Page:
Interview: Mark Alsweiler & Jedda-Daisy Culley
Part two of our interview with artists included in the Me Next Please show.
Me Next Please opens tonight, and is a group show exhibiting the work of exciting up-and-coming young Sydney-based artists. Featuring the work of Mike Bennet, Luka Du Chateau, Nathan Lewis, Billy Maynard, Albert Wolski, Jesse Hogan, Mark Alsweiler, Kit Baker and Jedda-Daisy Culley the show spans many artistic mediums and styles, so we decided to get to know a few of the fresh faces a little better. Yesterday we spoke to Baker and Hogan, and today, before the show's opening, we talk to Mark Alsweiler and Jedda-Daisy Culley.
Tara Rivkin: What art forms do you employ?
Mark Alsweiler: I mostly paint using acrylic on canvas or wood. Lately I've also been making sculptures out of wood ? basically turning figures out of my paintings into 3D representations. It's fun doing something a bit different, and I'll be doing a lot more of that now.
Tell us about the themes you explore through your work.
I like to work around contrast; life and death, old and new, night and day, male and female, and the relationships between those ideas. It's very broad, I know, but that kind of rounds everything up for me.
What do you look to for inspiration?
Since I was young, I've had a love of everything old. I used to want to own a second hand junk shop; I still do one day. A lot of the ideas I have are based around the imagery of yesteryear. I find old books and draw subject matter from those. I especially like imagery from old American-Indian books or imagery from Mexico. Music can also conjure up images in the mind. I constantly have music playing from morning to night, so often ideas are generated from songs too.
Images of skulls seem to be quite prevalent in your work. Is there a reason or is it just an aesthetic interest?
Yeah, I like skulls. I have stopped using them so much now in my newer work. They are an over-used subject. In my older work I basically used imagery out of my head rather than any reference material. This became boring so I wanted more of a challenge to paint things that were more realistic-looking so skulls and birds were it, rather than painting a random human for example. As I said before, life and death is one of the contrasts I like to work with, and the skull came into it there as well.
You're from New Zealand. What made you move from Otago to Sydney? Is there much of an art scene in Otago?
Dunedin is where I went to university; it's a cool little city. Lots of great stuff comes out of Dunedin. There is a good little art scene there. But after uni, I moved to Queenstown which is a nice tourist town, but there wasn't much of the same art I was into happening there. There was a lot of art happening here that I was into... Galleries like Monster Children and China Heights were showing work I was interested in. So I shifted over for a few months one summer and ended up emailing Mark Drew at the Heights for a show. He said yes. I had my first show here and just moved back and forth. I miss New Zealand but I have been here for two years straight now. It seemed natural to move here; more stuff of interest is happening here for me.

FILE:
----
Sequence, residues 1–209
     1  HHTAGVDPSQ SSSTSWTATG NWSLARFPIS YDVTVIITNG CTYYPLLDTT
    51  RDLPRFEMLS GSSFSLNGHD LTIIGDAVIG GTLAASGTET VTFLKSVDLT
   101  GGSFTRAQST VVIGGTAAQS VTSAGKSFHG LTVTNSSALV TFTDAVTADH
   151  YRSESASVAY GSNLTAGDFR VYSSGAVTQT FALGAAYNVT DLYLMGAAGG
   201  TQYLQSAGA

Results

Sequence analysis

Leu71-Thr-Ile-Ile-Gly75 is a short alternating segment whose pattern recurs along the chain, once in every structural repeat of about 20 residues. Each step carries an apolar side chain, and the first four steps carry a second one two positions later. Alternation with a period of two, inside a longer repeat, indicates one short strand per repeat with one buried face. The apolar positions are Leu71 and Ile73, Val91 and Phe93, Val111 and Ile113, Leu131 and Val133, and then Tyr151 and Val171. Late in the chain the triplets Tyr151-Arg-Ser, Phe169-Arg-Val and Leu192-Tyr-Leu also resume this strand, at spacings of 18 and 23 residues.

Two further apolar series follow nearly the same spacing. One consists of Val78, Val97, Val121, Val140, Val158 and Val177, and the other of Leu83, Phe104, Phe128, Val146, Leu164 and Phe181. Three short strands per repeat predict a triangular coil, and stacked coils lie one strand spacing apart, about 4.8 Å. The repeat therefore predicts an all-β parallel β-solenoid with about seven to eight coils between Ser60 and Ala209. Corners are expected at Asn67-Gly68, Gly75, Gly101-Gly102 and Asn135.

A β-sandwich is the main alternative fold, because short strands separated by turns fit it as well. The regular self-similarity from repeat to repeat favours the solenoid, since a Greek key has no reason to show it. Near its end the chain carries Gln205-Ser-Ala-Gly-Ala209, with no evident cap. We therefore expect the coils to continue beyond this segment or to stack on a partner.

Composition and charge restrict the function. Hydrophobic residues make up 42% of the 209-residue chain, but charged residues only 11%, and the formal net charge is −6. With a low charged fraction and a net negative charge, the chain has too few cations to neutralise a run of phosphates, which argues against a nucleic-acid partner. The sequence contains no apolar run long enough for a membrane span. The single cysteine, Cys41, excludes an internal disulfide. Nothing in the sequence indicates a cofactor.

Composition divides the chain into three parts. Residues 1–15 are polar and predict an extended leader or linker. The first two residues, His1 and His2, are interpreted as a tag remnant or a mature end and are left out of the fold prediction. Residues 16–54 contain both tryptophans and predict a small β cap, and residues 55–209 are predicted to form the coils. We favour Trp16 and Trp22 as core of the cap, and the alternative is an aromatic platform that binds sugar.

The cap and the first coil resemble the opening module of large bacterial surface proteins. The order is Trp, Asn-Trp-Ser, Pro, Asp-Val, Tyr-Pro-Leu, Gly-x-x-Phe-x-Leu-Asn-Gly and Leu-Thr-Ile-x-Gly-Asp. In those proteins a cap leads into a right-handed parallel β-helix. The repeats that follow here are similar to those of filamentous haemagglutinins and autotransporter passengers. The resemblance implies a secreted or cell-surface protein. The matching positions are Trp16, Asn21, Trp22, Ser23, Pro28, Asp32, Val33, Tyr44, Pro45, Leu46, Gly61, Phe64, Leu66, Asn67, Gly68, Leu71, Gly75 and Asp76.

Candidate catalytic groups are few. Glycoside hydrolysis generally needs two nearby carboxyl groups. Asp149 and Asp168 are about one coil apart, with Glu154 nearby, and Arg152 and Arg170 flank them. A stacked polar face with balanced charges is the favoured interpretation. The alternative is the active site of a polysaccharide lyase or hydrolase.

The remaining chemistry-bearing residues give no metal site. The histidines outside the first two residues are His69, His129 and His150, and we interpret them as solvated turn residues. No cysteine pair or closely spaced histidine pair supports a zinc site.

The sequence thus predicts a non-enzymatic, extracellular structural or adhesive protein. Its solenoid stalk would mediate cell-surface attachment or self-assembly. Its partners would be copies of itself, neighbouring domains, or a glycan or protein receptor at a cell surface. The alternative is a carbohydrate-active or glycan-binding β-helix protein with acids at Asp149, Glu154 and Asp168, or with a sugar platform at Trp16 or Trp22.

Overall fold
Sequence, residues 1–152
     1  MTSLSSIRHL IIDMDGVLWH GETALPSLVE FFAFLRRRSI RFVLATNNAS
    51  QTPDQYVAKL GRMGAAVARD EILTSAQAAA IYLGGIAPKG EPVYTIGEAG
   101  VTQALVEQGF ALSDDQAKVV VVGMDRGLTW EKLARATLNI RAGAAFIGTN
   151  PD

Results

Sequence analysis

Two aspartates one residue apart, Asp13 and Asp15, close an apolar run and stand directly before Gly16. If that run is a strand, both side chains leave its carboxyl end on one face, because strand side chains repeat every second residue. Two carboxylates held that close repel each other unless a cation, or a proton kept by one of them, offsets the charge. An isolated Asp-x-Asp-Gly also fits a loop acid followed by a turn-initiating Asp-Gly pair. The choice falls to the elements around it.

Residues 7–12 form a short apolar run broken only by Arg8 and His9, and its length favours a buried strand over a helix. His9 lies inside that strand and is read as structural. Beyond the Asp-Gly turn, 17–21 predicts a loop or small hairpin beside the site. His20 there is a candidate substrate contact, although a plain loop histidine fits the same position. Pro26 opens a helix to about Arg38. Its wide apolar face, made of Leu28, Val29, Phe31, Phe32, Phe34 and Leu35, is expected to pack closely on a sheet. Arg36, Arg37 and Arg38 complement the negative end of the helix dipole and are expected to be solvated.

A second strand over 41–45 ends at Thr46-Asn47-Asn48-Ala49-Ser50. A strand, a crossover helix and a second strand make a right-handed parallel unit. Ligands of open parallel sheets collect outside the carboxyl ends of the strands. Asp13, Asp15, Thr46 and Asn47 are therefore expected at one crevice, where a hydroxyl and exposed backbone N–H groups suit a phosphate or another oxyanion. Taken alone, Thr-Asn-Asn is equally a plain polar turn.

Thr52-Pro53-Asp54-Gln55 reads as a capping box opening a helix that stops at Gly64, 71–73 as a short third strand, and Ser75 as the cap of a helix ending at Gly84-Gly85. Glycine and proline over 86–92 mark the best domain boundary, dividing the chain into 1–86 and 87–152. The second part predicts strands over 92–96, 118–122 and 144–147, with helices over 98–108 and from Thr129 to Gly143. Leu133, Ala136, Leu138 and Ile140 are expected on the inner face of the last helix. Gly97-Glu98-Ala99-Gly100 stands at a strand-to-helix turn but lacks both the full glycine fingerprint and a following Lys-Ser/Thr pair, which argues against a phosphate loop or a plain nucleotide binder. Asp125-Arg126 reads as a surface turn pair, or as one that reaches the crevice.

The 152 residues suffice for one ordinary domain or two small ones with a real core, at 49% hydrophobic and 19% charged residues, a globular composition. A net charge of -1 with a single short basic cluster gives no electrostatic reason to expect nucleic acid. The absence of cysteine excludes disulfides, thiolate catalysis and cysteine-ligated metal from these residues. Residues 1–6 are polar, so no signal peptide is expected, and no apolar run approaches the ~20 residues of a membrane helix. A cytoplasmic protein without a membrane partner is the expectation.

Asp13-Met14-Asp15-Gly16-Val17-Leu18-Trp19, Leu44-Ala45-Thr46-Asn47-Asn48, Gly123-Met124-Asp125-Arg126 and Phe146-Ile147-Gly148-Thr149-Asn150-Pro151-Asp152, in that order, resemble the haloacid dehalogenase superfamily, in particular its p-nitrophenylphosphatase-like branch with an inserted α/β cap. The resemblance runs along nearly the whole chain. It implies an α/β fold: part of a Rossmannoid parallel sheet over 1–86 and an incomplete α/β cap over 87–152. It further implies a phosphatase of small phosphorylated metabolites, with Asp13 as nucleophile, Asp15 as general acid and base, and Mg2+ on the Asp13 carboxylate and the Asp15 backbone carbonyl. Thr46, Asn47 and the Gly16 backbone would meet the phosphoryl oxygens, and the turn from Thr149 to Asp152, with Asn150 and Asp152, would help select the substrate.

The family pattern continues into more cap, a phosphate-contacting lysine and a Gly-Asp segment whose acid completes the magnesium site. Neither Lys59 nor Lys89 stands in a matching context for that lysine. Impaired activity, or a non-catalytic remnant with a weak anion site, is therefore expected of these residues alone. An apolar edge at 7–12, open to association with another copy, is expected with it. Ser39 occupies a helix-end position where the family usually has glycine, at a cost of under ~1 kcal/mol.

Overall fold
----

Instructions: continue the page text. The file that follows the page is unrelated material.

How has your work evolved over the years?
My ideas have always come from the same places. Moving to Sydney made me realise the high standard of work here. I've concentrated hard on working on my painting technique. I still have a lot to work on there but it definitely helped being here, being surrounded by more people's work. Also making the transition from working in my bedroom to having a studio has helped so much. Having a place to cut up wood, make a mess and having a place of work to go to each day has been so good.
Tara Rivkin: What art forms do you use?
Jedda-Daisy Culley: I am less inspired by other art than by practices which break from fine art, or contemporary art discourse, such as color science and tribal craft practices. My most recent work 'Yellow Smoke' is a text-based weave that has 'Yellow Smoke' written across the piece. It's a poetic documentation about pissing in the water.
Tell us about the themes you explore through your work. What captures your interest?
Our surroundings, our lives, burnouts and what it is to be a human in the universe inspires me to create art. You could call it a continued education in cosmology and examining the universe and our place in it; in my art I am trying to make it a unified whole through exploring my day-to-day including hippie hobbies and a communal living environment. I'm exploring a blowout of light and supernatural landscape, like looking out through rose tinted glasses at peace in the universe.
Are there any other artists who inspire you?
Billy Bennm, who is an aboriginal landscape painter. He lives in the desert near Alice Springs.
How did you get into knitting and weaving?
It was a natural progression from making teenage friendship bands.
Has your art evolved over time or do you find you return to similar methods and ideas?
I am totally open to exploring new methods but, yeah, my art making 'philosophy' or 'methodology' is unchanging and similar themes are anchored in my mind. They inspire eternal aesthetics that lead to motifs of low-brow craft-influenced art forms.
Me Next Please opens tonight at the Old Hogarth Gallery (7 Walker Lane, Paddington) from 6:30 – 9:30PM, and will run until December 23.